• Chapter 1.6 The Interface between the Types of Regression and Methods of Collecting Proximity Data
      (pp. 90-115a)
      Phipps Arabie and Sigfrid D. Soli

      The advent of nonmetric multidimensional scaling as it appeared to researchers in the area [31, 32, 36], consisted of two major leaps forward: (1) the input data were only viewed as being measured on an ordinal scale when Kruskal’s [17] monotone regression was substituted for earlier methods that made heavier demands of the data, and (2) the cumbersome method of complete triads [38] was no longer the only truly respectable procedure for collecting the proximities matrix. In fact, any consistent method that yielded a partial ordering of all the interstimulus proximities, or a major subset thereof, became admissible.

      Thus, the...

  6. Part 2. Preference Functions and Choice Behavior

    • Chapter 2.1 Data Theory and Problems of Analysis
      (pp. 116-130)
      Lawrence Hubert

      There is at least one distinct advantage to writing the first paper in a section devoted to a topic as broad as “preference functions and choice behavior” Compared to the more difficult task of providing the final summary and critique, an introductory statement for such an extensive subject allows a great degree of latitude in what can be emphasized. Granted, an overview that relates to the other papers in an integral manner is still expected, but a truly comprehensive analysis is not. This presentation takes full advantage of this sanction. I will limit myself to making a brief introduction to...

    • Chapter 2.2 Recovering the Parameters of a Decision Model from Simulated Spatial Choice Data
      (pp. 131-143)
      James A. Kohler and Gerard Rushton

      Geographers have long been interested in how people choose a place for a particular purpose from among the many places available. Early modeling efforts had as their goal the replication of observed flows. These models were various forms of the gravity model and most often were transformed into linear regression models for solution by least squares methods. Correlation coefficients were generally regarded as adequate measures of goodness of fit, and the regression coefficients were interpreted causally as reflecting the degree of importance of the variable in question. Thus, large coefficients on the variable distance were interpreted to mean that distance...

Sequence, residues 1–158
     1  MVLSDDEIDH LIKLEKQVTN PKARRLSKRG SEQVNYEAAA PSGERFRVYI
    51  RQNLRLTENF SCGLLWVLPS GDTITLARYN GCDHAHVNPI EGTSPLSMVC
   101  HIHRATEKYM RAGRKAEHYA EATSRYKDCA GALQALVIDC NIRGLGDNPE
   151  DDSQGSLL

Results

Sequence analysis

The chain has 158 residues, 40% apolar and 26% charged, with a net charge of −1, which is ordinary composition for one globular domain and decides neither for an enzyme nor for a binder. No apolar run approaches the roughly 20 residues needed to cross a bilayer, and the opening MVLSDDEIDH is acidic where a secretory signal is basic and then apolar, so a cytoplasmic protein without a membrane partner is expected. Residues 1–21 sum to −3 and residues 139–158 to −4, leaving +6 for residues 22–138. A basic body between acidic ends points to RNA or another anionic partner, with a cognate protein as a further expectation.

• Chapter 2.3 A Revealed Preference Analysis of Intraurban Migration Choices
      (pp. 144-168)
      W. A. V. Clark

      Although Rushton’s [16] methodology for the analysis of spatial choices was published some time ago, there has been only limited application of the methodology in geography. Recently, there have been attempts to compare the spatial preference scaling model with a utility theory approach [19] and to extend it “by improving its mathematical and conceptual base” [7] and in particular to enlarge the number of locational types that might be considered in the model. Nevertheless, the empirical applications of the model have been only to consumer behavior [7, 16, 17], and its validity for investigating other choice situations has not been...